Government plans to improve mental health care for children ‘disappointing’

The Irish government’s response to a UN commission on what it plans to do to improve mental health care for children has been labeled “disappointing”.

Groups representing children and mental health advocates gathered in the office of the Ombudsman for Children on Wednesday to watch a live screening of Minister for Children Roderic O’Gorman addressing a UN committee in Geneva.

The UN Committee on the Rights of the Child questioned Mr O’Gorman and officials over two days on issues affecting Irish children, including the findings of an interim report to the Child and Adolescent Mental Health Service (CAMHS).

The Mental Health Commission report found disjointed services, with acceptance rates of acute mental health referrals ranging from 38% to 81%.

It also found that some teams failed to monitor children on antipsychotic medications, most services lacked an IT system to manage appointments, and there was no dedicated funding for mental health services for children.

Responding to a question from a member of the UN committee about whether admissions of children to adult mental health wards would be reduced to zero, an Irish official said this is only being done “as a last resort”.

“The vast majority of children’s admissions to adult units are for children in the 16 to 17 age range,” the health ministry official said.

“Importantly, admission to an adult ward can be more appropriate for the individual and to avoid any potential impact on younger children in CAMHS inpatient units.

“As such, and taking into account the clinical needs of the child and the services they require, Ireland may not reach a point where there are absolutely no children using adult facilities.”

Ber Grogan, of the umbrella group Mental Health Reform, told the PA news agency: “Today’s biggest takeaway is that we are disappointed with the lack of ambition around the government’s plans, especially when we talk about still allowing children’s mental health units for adults.”

She said that when children under the age of 18 are admitted to adult mental health units, “there is automatically 0% compliance with the Mental Health Commission’s regulations and rules regarding inpatient mental health”.

“Why do we say it’s okay to do something that violates children’s human rights?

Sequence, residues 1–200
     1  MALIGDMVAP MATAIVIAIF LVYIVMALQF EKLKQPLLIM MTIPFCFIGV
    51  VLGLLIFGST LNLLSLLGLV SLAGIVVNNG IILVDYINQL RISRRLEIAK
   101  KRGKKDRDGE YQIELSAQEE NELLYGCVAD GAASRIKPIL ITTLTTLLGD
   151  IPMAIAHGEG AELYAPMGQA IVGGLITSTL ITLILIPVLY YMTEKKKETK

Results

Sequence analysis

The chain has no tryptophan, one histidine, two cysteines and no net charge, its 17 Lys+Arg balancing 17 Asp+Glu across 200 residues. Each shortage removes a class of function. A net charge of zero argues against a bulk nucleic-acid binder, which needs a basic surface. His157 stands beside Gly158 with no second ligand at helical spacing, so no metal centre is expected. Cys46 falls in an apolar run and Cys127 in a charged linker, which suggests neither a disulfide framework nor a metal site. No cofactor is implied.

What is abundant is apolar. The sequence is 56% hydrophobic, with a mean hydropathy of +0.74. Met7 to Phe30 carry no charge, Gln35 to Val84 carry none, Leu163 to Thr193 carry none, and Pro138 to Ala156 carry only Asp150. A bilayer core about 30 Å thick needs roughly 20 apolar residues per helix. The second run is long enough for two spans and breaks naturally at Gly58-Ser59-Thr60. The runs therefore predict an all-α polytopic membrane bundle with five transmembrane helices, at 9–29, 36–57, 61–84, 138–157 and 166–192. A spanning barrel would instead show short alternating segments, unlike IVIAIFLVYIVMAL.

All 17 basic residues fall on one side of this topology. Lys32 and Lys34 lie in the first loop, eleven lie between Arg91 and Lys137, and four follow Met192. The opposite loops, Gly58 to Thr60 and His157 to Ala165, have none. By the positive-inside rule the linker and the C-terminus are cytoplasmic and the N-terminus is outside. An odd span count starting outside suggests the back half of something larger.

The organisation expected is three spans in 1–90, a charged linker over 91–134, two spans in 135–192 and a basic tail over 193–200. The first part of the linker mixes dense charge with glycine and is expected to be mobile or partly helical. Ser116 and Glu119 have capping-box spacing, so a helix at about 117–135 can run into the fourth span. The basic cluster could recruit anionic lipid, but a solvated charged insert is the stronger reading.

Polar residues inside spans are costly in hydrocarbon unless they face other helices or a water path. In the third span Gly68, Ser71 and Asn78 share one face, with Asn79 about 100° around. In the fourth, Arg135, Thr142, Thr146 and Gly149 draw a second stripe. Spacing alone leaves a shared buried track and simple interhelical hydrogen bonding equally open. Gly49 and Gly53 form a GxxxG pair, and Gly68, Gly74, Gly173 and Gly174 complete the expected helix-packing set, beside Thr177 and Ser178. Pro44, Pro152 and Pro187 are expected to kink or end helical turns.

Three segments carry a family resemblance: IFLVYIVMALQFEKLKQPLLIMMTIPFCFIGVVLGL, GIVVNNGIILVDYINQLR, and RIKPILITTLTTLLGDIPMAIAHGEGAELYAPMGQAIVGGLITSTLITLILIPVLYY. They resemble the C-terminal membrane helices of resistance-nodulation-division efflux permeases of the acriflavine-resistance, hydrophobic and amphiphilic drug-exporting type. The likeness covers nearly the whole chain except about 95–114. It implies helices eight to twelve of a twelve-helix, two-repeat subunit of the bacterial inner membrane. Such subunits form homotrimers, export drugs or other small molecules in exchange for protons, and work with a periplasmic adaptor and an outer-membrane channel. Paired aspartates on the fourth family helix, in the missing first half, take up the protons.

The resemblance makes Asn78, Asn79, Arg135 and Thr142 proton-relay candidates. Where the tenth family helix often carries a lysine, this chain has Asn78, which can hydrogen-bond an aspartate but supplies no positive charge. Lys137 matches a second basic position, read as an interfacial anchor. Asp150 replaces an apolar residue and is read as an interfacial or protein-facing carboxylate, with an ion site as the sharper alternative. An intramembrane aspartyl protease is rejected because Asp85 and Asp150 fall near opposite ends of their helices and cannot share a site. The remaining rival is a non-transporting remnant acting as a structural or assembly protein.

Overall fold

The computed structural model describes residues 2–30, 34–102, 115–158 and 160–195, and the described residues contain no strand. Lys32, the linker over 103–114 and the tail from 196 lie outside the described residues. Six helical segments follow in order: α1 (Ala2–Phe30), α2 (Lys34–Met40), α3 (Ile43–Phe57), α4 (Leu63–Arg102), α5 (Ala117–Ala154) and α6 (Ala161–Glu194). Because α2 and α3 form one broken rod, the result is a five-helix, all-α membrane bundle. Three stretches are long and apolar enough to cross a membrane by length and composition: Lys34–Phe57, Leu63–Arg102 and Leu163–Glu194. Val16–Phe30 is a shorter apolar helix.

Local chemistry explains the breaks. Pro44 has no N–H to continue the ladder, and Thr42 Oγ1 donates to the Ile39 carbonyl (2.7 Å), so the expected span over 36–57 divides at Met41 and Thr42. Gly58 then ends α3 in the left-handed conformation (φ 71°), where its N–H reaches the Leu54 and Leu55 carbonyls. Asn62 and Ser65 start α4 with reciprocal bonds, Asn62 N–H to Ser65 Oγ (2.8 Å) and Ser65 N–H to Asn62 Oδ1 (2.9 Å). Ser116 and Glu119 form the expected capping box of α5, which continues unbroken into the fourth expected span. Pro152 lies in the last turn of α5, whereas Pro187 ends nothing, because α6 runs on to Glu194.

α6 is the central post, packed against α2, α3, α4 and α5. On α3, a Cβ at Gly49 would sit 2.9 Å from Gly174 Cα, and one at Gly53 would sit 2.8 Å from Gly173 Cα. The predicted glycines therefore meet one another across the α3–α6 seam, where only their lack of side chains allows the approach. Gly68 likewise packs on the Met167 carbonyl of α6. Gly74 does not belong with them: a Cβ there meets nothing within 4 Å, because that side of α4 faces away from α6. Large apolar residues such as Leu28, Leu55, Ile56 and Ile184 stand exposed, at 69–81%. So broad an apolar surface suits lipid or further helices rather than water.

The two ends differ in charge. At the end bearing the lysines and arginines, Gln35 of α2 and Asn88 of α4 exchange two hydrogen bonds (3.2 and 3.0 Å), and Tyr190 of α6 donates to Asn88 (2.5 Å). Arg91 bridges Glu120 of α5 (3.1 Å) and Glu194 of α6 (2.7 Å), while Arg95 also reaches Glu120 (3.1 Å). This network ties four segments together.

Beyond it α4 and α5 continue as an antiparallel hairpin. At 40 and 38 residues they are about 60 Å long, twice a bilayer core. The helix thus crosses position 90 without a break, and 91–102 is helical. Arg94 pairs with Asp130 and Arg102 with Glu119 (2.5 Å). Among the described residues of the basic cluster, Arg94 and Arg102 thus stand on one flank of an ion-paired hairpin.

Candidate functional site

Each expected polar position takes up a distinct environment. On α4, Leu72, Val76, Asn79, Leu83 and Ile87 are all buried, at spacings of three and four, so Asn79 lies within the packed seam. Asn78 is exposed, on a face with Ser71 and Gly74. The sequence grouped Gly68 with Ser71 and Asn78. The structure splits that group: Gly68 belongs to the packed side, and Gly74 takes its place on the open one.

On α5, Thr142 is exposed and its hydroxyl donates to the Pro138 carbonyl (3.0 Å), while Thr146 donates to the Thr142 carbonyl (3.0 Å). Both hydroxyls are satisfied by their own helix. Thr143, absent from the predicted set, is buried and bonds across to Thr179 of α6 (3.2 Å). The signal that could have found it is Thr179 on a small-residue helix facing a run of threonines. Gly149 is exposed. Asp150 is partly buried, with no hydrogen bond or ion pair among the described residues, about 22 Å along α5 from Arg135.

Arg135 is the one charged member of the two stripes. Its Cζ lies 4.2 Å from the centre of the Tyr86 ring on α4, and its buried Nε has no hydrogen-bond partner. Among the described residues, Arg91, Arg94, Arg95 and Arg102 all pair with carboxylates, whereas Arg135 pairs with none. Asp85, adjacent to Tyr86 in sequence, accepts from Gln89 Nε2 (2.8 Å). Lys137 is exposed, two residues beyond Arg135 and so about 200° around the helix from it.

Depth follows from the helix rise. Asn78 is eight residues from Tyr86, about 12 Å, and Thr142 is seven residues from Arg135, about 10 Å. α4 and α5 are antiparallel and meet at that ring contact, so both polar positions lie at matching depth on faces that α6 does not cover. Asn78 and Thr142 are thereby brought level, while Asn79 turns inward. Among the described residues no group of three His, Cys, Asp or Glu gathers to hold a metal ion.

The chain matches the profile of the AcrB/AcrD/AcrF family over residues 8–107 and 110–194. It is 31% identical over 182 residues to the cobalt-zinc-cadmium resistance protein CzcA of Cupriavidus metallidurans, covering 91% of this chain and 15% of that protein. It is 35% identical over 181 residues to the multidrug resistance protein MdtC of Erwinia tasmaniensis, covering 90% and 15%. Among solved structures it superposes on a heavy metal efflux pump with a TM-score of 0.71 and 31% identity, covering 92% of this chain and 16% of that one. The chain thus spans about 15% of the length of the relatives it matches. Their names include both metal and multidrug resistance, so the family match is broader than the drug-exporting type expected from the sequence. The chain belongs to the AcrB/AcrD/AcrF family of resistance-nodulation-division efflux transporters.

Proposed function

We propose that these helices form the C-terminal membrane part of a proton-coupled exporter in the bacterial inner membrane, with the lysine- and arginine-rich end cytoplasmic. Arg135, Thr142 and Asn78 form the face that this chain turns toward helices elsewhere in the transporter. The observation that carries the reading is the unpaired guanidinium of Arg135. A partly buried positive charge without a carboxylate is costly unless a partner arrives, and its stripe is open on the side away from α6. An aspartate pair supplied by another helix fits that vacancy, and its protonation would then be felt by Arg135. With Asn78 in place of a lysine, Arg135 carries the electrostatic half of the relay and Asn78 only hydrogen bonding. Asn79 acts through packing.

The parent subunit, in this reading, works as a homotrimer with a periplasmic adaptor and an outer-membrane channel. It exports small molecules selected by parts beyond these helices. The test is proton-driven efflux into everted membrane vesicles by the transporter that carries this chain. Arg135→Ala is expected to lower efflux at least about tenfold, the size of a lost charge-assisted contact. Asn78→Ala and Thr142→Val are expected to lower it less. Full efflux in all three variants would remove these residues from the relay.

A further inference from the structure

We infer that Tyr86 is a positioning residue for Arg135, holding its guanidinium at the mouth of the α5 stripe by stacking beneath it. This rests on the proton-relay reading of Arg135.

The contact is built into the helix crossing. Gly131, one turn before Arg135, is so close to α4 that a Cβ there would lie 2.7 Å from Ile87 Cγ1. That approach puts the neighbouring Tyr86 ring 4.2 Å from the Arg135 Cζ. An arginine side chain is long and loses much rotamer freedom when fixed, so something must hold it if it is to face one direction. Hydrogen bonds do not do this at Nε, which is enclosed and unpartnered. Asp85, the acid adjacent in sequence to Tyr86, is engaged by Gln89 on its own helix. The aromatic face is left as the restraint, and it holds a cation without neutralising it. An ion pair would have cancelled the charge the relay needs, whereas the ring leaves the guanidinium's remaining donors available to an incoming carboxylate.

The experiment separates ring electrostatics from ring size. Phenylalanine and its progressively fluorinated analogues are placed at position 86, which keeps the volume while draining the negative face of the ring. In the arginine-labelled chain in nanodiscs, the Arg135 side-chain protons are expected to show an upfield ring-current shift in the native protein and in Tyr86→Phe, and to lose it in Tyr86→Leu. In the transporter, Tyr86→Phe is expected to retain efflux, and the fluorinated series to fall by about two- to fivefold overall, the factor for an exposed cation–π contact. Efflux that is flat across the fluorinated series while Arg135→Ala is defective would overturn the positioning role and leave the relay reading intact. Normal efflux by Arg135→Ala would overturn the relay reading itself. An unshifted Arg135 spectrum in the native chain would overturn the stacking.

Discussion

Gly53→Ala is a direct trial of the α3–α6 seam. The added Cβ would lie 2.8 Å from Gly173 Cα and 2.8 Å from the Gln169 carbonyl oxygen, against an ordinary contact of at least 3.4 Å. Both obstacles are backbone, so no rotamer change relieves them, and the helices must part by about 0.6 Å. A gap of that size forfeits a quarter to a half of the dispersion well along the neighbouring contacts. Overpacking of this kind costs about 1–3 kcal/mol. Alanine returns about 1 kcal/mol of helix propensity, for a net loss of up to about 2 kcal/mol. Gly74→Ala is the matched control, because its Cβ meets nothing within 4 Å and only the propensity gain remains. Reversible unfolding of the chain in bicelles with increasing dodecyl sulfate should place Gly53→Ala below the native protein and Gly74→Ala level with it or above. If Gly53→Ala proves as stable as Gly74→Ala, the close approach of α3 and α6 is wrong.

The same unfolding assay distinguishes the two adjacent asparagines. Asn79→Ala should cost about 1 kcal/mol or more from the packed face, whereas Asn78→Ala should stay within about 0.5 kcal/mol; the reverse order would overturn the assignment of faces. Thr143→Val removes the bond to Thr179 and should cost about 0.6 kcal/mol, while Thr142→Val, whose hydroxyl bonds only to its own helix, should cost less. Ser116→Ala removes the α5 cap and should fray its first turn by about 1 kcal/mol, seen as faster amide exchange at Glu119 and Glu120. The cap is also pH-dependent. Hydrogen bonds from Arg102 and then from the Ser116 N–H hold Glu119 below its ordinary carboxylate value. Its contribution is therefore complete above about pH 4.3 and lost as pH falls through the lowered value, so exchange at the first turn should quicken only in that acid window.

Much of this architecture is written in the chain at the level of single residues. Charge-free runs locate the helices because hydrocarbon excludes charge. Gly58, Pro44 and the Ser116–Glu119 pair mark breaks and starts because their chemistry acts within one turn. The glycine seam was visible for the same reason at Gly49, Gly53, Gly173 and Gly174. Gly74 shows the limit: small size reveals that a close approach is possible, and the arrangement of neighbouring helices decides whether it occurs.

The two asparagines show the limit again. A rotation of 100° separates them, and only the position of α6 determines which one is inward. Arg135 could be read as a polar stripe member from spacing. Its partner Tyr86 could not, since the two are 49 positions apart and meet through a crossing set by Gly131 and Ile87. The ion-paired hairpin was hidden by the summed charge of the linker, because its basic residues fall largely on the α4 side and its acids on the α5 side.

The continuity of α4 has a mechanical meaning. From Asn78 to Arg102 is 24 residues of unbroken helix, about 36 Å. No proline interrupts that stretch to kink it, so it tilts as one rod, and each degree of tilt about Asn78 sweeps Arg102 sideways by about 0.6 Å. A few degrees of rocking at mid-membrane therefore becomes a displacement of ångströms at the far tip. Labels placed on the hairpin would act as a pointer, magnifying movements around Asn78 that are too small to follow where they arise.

“With the Mental Health Bill reform underway, we have the opportunity to ban that practice. And to make sure that the under 18s or even the cohort up to the age of 21 or 23 actually get the care and support they need from the trained professionals who are trained to deal with underage teens or young people as well.

“So that’s a big disappointment today.”

Nuala Ward, director of research for the Ombudsman for Children, told PA she was also disappointed with the state’s response to mental health issues.

“I think the minister has spoken very well. And to be fair to the state, they clearly take the UN involvement very seriously, having sent quite a large delegation of officials – on education, on health, and of course led by the minister.

“The one area where we were slightly disappointed is that in light of this week’s report, we would have expected a stronger response to the mental health issue. light of everything happened.

“But of course today is just one day, we will follow up proactively – that can’t go away.”

On Thursday evening, a number of children and mental health advocates will gather at Leinster House and take a seat in the public gallery to hear Health Secretary Stephen Donnelly answer questions in the Dail about the report on CAMHS.

Mental Health Reform, representing 81 members, is coordinating the group meeting in the Dail ahead of the Minister’s statement at 5.15pm.

Among the groups sending representatives are the Irish Society for the Prevention of Cruelty to Children (ISPCC), the Children’s Rights Alliance, the charities Shine and A Lust for Life, ADHD Ireland and the LGBT youth group BeLonG To.

ISPCC chief John Church, one of the attendees at the Dail on Thursday, said: “The UN Committee on the Rights of the Child, during the state inquiry into Ireland, has highlighted many challenges facing children in Ireland, including those at the field of mental health.

“The state’s response to the Mental Health Commission’s questions and the Mental Health Commission’s report fell somewhat short of acknowledging the very real crisis our mental health care for children and youth finds itself in. And indeed, the very real harm that has been done to children using that service, with some getting ‘lost’ in the system.

“It is welcome that Minister O’Gorman has stated that he recognizes that Ireland needs to do more to fully realize children’s rights in many areas.”

Mr Church also asked Mr O’Gorman to “defend” a recommendation to launch a Pathfinder project for youth mental health in schools.

“There can be no further delay if we really want to recognize the health rights of children and young people and do our utmost to have world-class mental health care,” he said.

Government plans to improve mental health care for children ‘disappointing’

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